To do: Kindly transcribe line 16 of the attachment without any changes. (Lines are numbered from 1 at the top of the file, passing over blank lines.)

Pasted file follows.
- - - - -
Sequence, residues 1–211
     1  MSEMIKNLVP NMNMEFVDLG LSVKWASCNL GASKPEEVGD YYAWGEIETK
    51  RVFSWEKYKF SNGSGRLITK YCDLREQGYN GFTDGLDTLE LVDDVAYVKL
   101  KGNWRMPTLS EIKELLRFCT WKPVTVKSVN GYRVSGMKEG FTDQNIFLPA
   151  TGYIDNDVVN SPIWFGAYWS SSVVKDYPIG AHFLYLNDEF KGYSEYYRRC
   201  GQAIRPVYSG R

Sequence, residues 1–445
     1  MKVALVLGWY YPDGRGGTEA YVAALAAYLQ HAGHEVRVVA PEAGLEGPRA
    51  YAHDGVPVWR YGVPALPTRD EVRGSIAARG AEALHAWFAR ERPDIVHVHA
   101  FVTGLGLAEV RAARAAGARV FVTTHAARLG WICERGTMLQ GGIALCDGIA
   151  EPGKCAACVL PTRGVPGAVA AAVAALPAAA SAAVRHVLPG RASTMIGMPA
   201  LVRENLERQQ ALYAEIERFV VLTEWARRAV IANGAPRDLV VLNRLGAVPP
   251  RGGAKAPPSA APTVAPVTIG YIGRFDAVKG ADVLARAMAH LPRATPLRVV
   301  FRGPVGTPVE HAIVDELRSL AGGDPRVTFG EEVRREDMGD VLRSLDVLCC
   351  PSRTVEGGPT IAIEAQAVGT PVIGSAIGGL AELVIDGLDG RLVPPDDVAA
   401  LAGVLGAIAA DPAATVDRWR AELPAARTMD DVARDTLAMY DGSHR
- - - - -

   401  LAGVLGAIAA DPAATVDRWR AELPAARTMD DVARDTLAMY DGSHR